In attempting to recreate a pleasure garden, the exhibit aimed at a ‘truer’ understanding of the nature of a pleasure garden, an understanding reached by the viewer through direct experience.  Putting aside the issue of narrative as a mediating force for the moment, this is a laudable aim given the slippery nature of what an historical ‘truth’, or indeed ay truth, might be deemed to be. If we accept that our present (the future past) and our actual pasts are constructed through highly unstable sign and meaning laden systems of objects and events (Baudrillard, 1975, 1998, 2006) then the notion of trying to produce a simulacra (Baudrillard, 1994) of any truth seems ambitious indeed and a fictionalised account of places and events seems as reasonable a starting place as any other. The difficulty arises in the fluid nature of the systems of sign and objects  from which we construct our realities past and present. Signifiers and signifieds in our systems of signs are subject to diachronic and synchronic slippage, with no object or event holding an absolute meaning (Saussure, 1916). Even if the pleasure gardens exhibit had been the equivalent of journeying with Doctor Who to Vauxhall in the 18th Century and we had met and interacted with real people not actors, without breaching the Prime Directive (Star Trek), obviously, our own experience of the gardens would not have been comparable to that of the people born of the era. This is partly because of the slippery nature of systems of signs but also, from a purely behavioural perspective, as 21st century visitors we bring a different set of prior experiences and understandings to the party.  Essentially, we cannot un-know what we know – even with access to a Time Lord and a great dressing up box – and our responses to the stimuli around us are based on expectations of what to expect in the future given what we have experienced in the past. This is known as derived relational responding and is at the heart of Relational Frame Theory (RFT) as set out by Hayes and Barnes-Holme (2001). Given Hayes and Barnes-Holme (2001) suggest that derived relational responding is inescapable and influences almost all aspects of human behaviour,  the pursuit of the pleasure garden experience via a multimedia installation may have been misconceived from the beginning. One could argue that to experience the thrill of the ludic space the pleasure gardens represented for their contemporary visitors one might have to pursue a similar experience via alternate means.  If the question is what did it feel like for people to visit the pleasure gardens of the 18th century,  perhaps a visit to the ludic playground of ‘Winter Wonderland’ (Hyde Park, 2015) is the answer.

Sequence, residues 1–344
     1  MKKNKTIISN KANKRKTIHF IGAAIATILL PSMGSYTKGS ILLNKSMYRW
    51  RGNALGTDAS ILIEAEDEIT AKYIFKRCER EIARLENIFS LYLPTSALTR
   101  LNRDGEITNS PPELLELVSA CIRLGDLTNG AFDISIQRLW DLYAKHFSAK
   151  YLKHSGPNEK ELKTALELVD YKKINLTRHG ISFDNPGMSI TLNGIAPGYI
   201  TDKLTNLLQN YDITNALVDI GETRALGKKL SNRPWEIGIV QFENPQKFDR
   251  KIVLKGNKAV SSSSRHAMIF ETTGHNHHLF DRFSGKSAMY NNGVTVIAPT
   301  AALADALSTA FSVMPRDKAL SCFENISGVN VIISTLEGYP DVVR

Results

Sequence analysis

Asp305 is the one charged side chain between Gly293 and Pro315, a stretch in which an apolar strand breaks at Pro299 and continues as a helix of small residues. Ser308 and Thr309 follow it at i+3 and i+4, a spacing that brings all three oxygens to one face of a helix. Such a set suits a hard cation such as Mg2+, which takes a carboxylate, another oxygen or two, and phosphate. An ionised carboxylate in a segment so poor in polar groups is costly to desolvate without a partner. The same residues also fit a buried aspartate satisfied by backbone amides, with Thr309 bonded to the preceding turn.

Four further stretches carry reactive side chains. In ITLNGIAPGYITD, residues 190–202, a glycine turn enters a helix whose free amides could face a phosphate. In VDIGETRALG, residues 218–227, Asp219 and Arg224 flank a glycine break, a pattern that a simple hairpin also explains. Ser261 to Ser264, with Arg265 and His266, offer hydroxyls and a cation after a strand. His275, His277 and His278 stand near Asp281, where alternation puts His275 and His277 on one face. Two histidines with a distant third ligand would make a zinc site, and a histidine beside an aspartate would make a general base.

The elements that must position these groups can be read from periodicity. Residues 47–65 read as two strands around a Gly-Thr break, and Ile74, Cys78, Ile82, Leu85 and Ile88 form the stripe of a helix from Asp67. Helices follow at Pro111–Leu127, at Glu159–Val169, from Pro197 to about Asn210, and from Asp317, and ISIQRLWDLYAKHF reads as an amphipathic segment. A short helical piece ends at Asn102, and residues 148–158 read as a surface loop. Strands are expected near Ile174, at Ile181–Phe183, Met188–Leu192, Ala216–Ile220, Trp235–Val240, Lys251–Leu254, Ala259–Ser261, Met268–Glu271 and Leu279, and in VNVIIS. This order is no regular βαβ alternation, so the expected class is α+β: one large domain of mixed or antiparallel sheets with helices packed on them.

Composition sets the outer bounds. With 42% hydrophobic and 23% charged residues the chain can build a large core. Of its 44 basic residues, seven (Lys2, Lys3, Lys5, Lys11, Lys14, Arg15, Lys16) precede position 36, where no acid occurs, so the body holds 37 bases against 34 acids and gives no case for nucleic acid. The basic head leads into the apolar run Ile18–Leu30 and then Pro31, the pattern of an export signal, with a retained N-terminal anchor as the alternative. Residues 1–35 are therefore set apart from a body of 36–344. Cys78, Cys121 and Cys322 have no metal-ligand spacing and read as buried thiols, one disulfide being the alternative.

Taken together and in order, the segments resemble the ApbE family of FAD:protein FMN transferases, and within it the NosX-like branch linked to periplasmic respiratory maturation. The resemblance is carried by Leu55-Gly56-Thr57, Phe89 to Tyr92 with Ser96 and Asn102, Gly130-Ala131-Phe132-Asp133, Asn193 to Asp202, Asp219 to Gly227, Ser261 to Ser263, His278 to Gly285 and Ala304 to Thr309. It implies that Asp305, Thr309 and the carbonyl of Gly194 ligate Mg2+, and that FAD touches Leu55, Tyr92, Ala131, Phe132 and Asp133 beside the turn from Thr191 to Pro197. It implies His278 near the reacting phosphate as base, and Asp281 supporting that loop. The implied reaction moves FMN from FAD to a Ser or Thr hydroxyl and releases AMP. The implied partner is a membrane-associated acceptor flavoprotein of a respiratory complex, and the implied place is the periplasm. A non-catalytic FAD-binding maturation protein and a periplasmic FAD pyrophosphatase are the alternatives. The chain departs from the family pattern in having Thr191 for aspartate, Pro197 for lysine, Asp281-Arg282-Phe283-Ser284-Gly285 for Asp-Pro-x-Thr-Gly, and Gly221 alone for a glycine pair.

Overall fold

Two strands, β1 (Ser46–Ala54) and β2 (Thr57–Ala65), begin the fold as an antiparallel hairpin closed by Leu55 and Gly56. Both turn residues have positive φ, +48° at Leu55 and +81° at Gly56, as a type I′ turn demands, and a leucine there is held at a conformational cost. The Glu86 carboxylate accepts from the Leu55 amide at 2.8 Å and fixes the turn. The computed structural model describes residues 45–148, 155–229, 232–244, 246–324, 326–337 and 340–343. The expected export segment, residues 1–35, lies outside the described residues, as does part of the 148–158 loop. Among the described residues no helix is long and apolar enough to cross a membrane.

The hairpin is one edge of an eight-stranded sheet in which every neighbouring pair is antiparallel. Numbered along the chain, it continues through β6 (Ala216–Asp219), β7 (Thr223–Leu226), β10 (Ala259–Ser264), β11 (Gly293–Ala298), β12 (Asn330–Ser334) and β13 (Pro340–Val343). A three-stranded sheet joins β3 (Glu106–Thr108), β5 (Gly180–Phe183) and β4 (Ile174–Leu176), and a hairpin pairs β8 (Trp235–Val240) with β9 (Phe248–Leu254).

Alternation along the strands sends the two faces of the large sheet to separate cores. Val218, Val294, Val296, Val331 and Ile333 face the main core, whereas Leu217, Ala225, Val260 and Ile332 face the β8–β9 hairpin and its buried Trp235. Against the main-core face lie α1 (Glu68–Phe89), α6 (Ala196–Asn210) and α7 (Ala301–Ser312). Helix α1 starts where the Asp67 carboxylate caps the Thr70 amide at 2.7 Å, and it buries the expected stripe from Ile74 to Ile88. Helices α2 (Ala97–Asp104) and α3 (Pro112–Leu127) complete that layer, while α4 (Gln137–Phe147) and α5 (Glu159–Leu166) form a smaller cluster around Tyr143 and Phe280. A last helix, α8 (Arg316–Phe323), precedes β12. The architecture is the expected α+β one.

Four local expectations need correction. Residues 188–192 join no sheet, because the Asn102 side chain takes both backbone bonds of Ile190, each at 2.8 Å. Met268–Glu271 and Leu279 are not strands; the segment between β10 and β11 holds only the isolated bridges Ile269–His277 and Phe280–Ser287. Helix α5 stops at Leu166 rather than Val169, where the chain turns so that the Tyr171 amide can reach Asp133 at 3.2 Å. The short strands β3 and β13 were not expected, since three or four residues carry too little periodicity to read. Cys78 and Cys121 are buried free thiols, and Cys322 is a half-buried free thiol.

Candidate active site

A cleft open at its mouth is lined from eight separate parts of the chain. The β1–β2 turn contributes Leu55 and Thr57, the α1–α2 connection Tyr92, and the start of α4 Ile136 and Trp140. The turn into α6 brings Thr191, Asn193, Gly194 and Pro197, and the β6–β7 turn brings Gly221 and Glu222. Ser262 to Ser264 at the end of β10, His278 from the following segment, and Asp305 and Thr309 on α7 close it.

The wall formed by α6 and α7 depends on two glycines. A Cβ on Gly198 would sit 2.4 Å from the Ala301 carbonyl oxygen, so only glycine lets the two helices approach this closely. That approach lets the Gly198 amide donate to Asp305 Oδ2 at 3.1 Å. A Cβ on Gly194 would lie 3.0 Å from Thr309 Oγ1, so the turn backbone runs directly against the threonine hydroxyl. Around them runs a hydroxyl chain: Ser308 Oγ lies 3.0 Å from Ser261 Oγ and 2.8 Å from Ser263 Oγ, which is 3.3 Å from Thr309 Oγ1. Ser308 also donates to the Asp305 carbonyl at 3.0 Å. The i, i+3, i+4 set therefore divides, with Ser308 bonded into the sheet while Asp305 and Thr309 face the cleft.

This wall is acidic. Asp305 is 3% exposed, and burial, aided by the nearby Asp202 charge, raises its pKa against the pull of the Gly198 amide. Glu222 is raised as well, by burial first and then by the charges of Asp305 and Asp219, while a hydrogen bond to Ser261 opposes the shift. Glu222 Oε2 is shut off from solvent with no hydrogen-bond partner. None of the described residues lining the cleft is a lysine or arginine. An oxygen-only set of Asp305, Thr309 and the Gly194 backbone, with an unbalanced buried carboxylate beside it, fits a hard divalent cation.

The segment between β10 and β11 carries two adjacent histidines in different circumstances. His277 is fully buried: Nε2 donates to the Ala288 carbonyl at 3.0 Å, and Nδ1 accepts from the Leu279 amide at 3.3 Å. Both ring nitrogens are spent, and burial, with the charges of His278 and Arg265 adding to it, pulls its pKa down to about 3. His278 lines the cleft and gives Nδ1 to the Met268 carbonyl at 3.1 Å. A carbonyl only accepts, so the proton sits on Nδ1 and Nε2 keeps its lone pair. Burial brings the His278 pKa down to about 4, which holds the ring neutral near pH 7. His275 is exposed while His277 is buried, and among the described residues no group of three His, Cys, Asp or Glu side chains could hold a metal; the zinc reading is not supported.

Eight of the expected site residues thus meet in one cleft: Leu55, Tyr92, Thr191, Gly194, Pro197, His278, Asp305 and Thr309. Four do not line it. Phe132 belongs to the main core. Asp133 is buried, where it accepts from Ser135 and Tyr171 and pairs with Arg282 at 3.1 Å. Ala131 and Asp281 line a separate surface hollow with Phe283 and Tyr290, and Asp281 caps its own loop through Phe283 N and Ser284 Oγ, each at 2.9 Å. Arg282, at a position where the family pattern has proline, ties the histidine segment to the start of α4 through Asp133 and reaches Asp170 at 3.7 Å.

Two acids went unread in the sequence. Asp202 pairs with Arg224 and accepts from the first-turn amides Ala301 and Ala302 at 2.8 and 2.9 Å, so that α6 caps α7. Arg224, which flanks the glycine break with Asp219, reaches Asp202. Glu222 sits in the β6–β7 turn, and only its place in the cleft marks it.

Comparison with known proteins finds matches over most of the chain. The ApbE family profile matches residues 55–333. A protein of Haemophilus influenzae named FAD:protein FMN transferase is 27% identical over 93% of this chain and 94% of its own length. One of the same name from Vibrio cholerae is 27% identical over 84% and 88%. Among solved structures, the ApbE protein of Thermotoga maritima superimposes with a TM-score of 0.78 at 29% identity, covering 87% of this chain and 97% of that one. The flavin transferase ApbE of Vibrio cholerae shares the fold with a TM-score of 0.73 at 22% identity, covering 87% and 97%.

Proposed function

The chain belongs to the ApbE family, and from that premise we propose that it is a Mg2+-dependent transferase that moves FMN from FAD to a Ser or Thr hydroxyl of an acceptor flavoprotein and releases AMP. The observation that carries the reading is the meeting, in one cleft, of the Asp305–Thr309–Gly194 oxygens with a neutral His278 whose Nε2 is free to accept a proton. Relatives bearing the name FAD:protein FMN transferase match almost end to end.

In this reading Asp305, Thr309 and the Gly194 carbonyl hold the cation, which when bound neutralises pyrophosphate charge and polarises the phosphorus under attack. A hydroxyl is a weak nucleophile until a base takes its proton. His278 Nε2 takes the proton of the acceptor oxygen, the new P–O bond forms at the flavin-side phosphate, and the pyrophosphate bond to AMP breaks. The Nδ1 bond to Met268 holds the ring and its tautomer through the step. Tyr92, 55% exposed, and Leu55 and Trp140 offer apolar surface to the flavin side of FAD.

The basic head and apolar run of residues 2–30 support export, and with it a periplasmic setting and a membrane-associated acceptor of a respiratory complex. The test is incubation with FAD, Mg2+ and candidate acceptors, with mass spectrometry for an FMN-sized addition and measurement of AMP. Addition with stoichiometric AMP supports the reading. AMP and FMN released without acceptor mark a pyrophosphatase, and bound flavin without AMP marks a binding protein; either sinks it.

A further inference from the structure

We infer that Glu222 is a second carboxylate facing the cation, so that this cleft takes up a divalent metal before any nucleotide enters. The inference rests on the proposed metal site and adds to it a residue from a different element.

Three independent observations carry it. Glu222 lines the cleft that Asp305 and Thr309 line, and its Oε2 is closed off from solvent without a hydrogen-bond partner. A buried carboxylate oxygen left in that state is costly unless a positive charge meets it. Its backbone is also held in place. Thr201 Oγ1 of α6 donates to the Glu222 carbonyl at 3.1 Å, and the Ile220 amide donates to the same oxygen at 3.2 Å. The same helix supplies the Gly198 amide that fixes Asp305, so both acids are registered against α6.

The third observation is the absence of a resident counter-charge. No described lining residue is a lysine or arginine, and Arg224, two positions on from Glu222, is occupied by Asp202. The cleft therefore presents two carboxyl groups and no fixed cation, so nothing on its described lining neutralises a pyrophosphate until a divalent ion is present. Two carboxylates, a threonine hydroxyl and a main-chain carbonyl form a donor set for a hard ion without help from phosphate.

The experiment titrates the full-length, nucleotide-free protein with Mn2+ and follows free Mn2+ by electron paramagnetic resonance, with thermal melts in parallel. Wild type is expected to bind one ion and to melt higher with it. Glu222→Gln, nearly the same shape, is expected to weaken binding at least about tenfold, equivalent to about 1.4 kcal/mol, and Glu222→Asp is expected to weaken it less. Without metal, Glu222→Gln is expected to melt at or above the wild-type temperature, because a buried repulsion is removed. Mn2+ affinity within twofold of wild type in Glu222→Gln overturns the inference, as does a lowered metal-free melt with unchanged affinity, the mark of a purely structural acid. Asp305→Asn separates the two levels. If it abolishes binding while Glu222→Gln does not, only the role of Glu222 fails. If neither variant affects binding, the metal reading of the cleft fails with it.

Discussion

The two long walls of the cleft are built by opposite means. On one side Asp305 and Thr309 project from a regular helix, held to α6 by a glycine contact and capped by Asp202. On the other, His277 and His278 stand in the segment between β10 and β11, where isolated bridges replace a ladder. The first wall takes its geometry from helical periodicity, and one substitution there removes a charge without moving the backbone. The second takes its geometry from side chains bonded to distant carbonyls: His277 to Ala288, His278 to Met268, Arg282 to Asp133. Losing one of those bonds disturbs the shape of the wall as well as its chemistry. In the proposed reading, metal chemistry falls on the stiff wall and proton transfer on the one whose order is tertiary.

• Hayes, S.C.; Barnes-Holmes, D. & Roche, B., eds., 2001. Relational Frame Theory: A Post-Skinnerian account of human language and cognition. New York: Plenum Press
  • Baudrillard, Jean, 1975. The Mirror of Production. 1st Edition Edition. Telos Press Ltd.
  • Baudrillard, Jean, 1994. Simulacra and Simulation. University of Michigan Press.
  • Baudrillard, Jean, 1998. The Consumer Society: Myths and Structures (Published in association with Theory, Culture & Society). 1 Edition. SAGE Publications Ltd.
  • Baudrillard, Jean, 2006. The System of Objects (Radical Thinkers). Ninth Edition. Verso.
  • Elton, Geoffrey R., 1991. The Practice of History. 2 Edition. Wiley-Blackwell
  • Hexter, J. H., 1972. Doing History. Edition. Allen & Unwin.
  • Saussure, Ferdinand de ([1916] 1983): Course in General Linguistics (trans. Roy Harris). London: Duckworth
  • White, Hayden. 1984 ‘The Question of Narrative in Contemporary Historical Theory’, History and Theory, Vol.23, No.1 (Feb.,1984),1-33 [ONLINE] available at https://www2.southeastern.edu/Academics/Faculty/jbell/white.pdf [Accessed 25 January 2016]

[i] White, Hayden. (1984) ‘The Question of Narrative in Contemporary Historical Theory’, History and Theory, Vol.23, No.1 (Feb.,1984), 3 -4  [ONLINE] available at https://www2.southeastern.edu/Academics/Faculty/jbell/white.pdf [Accessed 25 January 2016]

[ii] [ii] White, Hayden. (1984) ‘The Question of Narrative in Contemporary Historical Theory’, History and Theory, Vol.23, No.1 (Feb.,1984), 7 – 8  [ONLINE] available at https://www2.southeastern.edu/Academics/Faculty/jbell/white.pdf [Accessed 25 January 2016]